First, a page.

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      The Frameshift Stimulatory Signal of Human Immunodeficiency Virus Type 1 Group O is a Pseudoknot


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          Human immunodeficiency virus type 1 (HIV-1) requires a programmed −1 ribosomal frameshift to produce Gag–Pol, the precursor of its enzymatic activities. This frameshift occurs at a slippery sequence on the viral messenger RNA and is stimulated by a specific structure, downstream of the shift site. While in group M, the most abundant HIV-1 group, the frameshift stimulatory signal is an extended bulged stem-loop, we show here, using a combination of mutagenesis and probing studies, that it is a pseudoknot in group O. The mutagenesis and probing studies coupled to an in silico analysis show that group O pseudoknot is a hairpin-type pseudoknot with two coaxially stacked stems of eight base-pairs (stem 1 and stem 2), connected by single-stranded loops of 2 nt (loop 1) and 20 nt (loop 2). Mutations impairing formation of stem 1 or stem 2 of the pseudoknot reduce frameshift efficiency, whereas compensatory changes that allow re-formation of these stems restore the frameshift efficiency to near wild-type level. The difference between the frameshift stimulatory signal of group O and group M supports the hypothesis that these groups originate from a different monkey to human transmission.

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          Transfecting mammalian cells: optimization of critical parameters affecting calcium-phosphate precipitate formation.

          DNA-calcium phosphate co-precipitates arise spontaneously in supersaturated solutions. Highly effective precipitates for transfection purposes, however, can be generated only in a very narrow range of physico-chemical conditions that control the initiation and growth of precipitate complexes. The concentrations of calcium and phosphate are the main factors influencing characteristics of the precipitate complex, but other parameters, such as temperature, DNA concentration and reaction time are important as well. An example for this is the finding that almost all of the soluble DNA in the reaction mix can be bound into an insoluble complex with calcium phosphate in <1 min. Extending the reaction time to 20 min results in aggregation and/or growth of particles and reduces the level of expression. With improved protocols we gained better reproducibility and higher efficiencies both for transient and for stable transfections. Up to 60% of cells stained positive for beta-gal and transient production of secreted proteins was improved 5- to 10-fold over results seen with transfections using standard procedures. Similar improvements in efficiency (number of recombinant cell colonies) were observed with stable transfections, using co-transfected marker plasmids for selection. Transient expression levels 2 days after DNA transfer and titers obtained from stable cell lines, emerging weeks later, showed strong correlation.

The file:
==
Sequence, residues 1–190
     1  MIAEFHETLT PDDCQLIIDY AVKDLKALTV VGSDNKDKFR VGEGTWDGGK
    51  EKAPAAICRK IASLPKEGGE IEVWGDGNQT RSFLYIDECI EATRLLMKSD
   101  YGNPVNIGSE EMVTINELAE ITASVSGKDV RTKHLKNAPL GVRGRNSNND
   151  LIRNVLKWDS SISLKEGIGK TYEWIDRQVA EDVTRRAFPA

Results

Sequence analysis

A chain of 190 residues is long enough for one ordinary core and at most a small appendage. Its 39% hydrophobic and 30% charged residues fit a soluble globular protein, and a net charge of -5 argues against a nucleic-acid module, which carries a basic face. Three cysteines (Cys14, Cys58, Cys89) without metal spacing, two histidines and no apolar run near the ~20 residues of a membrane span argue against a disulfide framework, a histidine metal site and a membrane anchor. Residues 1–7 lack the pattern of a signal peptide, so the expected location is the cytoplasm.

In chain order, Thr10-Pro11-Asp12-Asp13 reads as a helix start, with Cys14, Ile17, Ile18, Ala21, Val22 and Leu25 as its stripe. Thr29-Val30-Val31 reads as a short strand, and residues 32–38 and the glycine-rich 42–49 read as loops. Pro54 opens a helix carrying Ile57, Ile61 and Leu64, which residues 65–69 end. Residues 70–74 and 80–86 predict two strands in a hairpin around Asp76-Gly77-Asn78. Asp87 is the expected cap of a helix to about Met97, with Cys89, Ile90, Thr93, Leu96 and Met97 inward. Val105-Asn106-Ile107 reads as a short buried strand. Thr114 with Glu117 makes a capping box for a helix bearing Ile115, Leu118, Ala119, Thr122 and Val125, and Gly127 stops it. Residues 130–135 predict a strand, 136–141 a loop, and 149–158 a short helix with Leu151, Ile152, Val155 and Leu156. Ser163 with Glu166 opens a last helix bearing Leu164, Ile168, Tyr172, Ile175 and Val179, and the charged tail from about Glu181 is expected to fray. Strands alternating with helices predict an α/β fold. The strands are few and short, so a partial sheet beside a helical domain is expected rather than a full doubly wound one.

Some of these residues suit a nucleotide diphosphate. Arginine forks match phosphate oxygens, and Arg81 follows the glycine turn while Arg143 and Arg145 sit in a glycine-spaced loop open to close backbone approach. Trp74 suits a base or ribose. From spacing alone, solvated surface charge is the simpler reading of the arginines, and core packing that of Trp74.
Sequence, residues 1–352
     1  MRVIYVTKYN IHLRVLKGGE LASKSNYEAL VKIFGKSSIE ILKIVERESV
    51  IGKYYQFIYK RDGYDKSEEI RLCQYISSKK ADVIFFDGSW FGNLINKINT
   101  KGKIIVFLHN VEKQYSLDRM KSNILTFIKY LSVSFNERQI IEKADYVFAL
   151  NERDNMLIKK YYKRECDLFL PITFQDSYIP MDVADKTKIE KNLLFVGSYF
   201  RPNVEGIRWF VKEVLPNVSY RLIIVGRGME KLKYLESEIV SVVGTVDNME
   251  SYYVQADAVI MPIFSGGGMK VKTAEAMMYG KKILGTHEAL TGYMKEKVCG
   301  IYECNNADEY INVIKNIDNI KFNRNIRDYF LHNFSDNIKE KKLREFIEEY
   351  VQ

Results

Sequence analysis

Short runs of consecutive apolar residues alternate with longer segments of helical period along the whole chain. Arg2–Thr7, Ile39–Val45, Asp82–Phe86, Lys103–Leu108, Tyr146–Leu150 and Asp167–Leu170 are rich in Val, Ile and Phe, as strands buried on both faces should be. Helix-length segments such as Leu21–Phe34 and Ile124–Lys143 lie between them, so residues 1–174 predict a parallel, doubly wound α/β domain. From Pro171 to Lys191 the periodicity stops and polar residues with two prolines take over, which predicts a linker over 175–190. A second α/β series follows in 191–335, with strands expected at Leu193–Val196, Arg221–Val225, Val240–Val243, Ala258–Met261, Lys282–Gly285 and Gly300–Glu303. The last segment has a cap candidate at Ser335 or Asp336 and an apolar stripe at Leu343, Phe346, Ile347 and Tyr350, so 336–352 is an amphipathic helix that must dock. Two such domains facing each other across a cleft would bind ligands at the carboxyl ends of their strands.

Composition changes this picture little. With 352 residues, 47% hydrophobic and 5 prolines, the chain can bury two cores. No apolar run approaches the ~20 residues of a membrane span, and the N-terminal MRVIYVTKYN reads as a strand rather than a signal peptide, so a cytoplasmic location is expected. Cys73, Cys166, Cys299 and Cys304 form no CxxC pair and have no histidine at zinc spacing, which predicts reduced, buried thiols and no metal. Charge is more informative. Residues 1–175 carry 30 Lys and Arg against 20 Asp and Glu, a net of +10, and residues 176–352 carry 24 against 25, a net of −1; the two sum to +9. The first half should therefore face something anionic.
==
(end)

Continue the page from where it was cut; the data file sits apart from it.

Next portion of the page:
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            Identification of a new human immunodeficiency virus type 1 distinct from group M and group O.

            A highly divergent HIV-1 isolate, designated YBF 30, was obtained in 1995 from a 40-year-old Cameroonian woman with AIDS. Depending on the genes studied, phylogenetic analysis showed that YBF30 branched either with SIVcpz-gab or between SIVcpz-gab and HIV-1 group M. The structural genes and tat, vpr, and nef of YBF30 are approximately equidistant from those of HIV-1 group M and SIVcpz-gab. In contrast, vif and rev are closer to HIV-1 group M, and vpu is highly divergent. Using a YBF30 V3 loop peptide enzyme immunoassay, we screened 700 HIV-1-positive sera collected in Cameroon; three reacted strongly with the YBF30 peptides and one was confirmed as being related to YBF30 by genetic analysis of a pol fragment. YBF30 is as distinct from SIVcpz-gab as it is from HIV-1 group M and can thus be considered as the prototype strain of a new human immunodeficiency virus group.